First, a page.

Wednesday 14 September 2011

Road crossing behaviour and ADHD

Do you remember your Green Cross Code? If you lived in the UK during the 1970s or 1980s you'll probably remember the towering figure of Dave Prowse, he of Darth Vader, as the Green Cross Code Man and his message about pedestrian safety when crossing the road.

Over the years quite a bit of Government information and education combined with a fair bit of nudge theory has helped to improve child safety whilst crossing our ever busier roads. The fact remains however that quite a few children do still get hit by cars when crossing the road. The reasons why are complicated. Drivers not adhering to the speed limit, children being children and running across the road without looking. Lots of reasons. With all the recent chatter on wandering and autism (including that new ICD code), one could perhaps also see how specific groups of children might be at an increased risk of injury as a result of things like crossing the road.

A new-ish study* published in the journal Pediatrics looked at road crossing behaviour in children diagnosed with ADHD. The study by Stavrinos and colleagues used an artificial 'virtual' environment to analyse the road-crossing behaviours of 78 children (aged 7-10 years), half of whom were diagnosed with ADHD (ADHD-combined type), half of whom served as asymptomatic controls. Their results:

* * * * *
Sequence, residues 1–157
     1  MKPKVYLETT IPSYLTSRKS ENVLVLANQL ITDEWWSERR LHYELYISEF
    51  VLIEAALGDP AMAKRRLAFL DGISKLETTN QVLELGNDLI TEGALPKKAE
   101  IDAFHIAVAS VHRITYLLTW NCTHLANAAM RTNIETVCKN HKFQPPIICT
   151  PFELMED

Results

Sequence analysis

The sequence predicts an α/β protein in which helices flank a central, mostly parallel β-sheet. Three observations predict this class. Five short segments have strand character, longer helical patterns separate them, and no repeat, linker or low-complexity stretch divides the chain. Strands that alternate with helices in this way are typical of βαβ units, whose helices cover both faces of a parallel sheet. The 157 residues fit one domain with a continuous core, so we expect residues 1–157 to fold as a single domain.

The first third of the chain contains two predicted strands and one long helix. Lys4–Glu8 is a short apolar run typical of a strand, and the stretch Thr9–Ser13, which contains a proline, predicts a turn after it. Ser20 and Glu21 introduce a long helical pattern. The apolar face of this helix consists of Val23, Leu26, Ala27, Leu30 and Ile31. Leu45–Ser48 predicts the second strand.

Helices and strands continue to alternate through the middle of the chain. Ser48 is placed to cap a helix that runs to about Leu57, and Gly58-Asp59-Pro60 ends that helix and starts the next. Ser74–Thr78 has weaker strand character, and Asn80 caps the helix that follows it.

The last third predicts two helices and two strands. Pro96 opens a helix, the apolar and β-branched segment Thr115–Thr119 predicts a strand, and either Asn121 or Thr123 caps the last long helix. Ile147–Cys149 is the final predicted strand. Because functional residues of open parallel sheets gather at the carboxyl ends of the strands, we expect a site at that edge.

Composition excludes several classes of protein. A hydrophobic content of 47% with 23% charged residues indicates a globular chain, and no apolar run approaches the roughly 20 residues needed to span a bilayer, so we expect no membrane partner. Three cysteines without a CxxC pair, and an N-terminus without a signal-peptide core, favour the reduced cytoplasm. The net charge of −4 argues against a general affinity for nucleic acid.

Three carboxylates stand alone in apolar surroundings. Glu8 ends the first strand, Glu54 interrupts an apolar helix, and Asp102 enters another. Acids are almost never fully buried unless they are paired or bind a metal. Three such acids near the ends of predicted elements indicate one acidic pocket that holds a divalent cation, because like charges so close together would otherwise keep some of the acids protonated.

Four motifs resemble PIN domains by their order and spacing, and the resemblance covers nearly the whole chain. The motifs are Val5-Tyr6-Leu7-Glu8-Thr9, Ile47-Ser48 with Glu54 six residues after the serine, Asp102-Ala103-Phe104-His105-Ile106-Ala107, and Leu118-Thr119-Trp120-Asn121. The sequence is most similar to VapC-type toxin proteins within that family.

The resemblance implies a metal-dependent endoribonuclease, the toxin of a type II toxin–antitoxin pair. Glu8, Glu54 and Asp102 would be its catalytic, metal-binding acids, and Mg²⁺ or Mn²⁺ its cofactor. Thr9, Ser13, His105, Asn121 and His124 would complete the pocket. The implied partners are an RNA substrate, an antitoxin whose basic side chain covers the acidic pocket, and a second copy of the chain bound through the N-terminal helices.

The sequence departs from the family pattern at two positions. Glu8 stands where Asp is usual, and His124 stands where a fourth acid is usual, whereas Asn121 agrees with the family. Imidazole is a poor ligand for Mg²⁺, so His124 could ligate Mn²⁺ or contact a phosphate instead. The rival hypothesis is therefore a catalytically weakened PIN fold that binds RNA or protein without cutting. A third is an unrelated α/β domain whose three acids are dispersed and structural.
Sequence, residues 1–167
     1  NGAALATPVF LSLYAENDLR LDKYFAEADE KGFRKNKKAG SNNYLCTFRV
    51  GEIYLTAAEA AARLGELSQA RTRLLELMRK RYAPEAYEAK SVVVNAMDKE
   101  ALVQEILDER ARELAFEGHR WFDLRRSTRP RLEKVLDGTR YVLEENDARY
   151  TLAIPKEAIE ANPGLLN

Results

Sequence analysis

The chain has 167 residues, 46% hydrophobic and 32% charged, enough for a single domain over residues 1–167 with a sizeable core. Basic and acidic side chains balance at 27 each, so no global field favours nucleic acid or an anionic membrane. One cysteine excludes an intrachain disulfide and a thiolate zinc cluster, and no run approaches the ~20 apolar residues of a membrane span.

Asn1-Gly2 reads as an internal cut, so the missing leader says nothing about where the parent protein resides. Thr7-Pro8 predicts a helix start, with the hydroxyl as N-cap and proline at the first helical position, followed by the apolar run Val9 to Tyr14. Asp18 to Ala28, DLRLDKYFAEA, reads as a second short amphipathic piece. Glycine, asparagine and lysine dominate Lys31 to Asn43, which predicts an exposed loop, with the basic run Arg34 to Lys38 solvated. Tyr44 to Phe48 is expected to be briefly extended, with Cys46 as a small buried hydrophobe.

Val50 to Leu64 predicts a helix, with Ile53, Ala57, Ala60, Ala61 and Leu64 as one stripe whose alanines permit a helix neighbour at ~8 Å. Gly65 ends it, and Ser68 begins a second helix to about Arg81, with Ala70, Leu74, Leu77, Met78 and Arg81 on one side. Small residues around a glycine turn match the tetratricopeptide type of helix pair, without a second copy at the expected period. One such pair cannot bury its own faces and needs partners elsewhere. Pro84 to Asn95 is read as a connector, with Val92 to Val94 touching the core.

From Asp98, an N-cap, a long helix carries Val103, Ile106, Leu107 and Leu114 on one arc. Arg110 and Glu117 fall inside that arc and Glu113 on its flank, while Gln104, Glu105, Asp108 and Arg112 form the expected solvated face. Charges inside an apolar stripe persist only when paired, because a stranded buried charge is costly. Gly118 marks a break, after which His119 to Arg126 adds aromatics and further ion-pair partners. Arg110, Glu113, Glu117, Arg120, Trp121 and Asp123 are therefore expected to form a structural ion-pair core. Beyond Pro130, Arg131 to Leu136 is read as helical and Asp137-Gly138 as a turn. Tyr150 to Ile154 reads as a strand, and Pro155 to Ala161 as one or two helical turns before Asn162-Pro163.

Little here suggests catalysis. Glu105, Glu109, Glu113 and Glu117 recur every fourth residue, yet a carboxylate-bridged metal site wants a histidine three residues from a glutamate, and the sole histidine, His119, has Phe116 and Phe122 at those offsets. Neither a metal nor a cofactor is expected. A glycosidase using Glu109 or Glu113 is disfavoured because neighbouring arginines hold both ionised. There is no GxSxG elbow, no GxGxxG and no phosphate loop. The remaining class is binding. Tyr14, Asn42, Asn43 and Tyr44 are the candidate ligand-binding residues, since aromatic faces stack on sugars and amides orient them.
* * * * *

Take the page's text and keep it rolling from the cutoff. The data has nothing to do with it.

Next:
• Children from both groups looked left and right before crossing. They also waited before crossing.
  • Children from the ADHD group tended to pick riskier places to cross, for example between parked cars.
  • The ADHD group had more 'close calls', so picking more risky moments to cross than the non-ADHD group.

The authors note that the children with ADHD were "...looking.. but they are failing to see". A few explanations have been put forward to account for the results; ranging from medication wearing off to problems with executive functioning (things like planning behaviour and impulse control). One perhaps can't rule out the artificial nature of the experimental conditions as potentially also having some bearing on the results; a danger-free road crossing virtual experiment is a little different from the 'real' world. Whatever the reason for the results, there are perhaps some important lessons that can be gleaned from such research. How we structure our roads and their surrounding environment, our developing educational material and strategies specifically for those with ADHD and other developmental conditions about risk in this and other similar situations, and also how we build our cars and educate our drivers to ensure that, should the worst happen, the car gives as much protection to the pedestrian as possible.

In the end remember: stop, look, listen think.

* Stavrinos D. et al. Mediating factors associated with pedestrian injury in children with Attention-Deficit/Hyperactivity Disorder. Pediatrics. July 2011

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